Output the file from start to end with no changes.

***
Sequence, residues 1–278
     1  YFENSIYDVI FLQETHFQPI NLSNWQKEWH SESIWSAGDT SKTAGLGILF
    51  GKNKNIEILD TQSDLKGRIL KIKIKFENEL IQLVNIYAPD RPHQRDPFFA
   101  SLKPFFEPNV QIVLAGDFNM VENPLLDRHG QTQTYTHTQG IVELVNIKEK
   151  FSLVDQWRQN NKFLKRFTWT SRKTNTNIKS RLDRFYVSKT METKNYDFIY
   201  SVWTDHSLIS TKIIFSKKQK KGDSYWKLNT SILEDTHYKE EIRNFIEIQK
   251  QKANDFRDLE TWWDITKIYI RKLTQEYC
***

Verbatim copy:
Sequence, residues 1–278
     1  YFENSIYDVI FLQETHFQPI NLSNWQKEWH SESIWSAGDT SKTAGLGILF
    51  GKNKNIEILD TQSDLKGRIL KIKIKFENEL IQLVNIYAPD RPHQRDPFFA
   101  SLKPFFEPNV QIVLAGDFNM VENPLLDRHG QTQTYTHTQG IVELVNIKEK
   151  FSLVDQWRQN NKFLKRFTWT SRKTNTNIKS RLDRFYVSKT METKNYDFIY
   201  SVWTDHSLIS TKIIFSKKQK KGDSYWKLNT SILEDTHYKE EIRNFIEIQK
   251  QKANDFRDLE TWWDITKIYI RKLTQEYC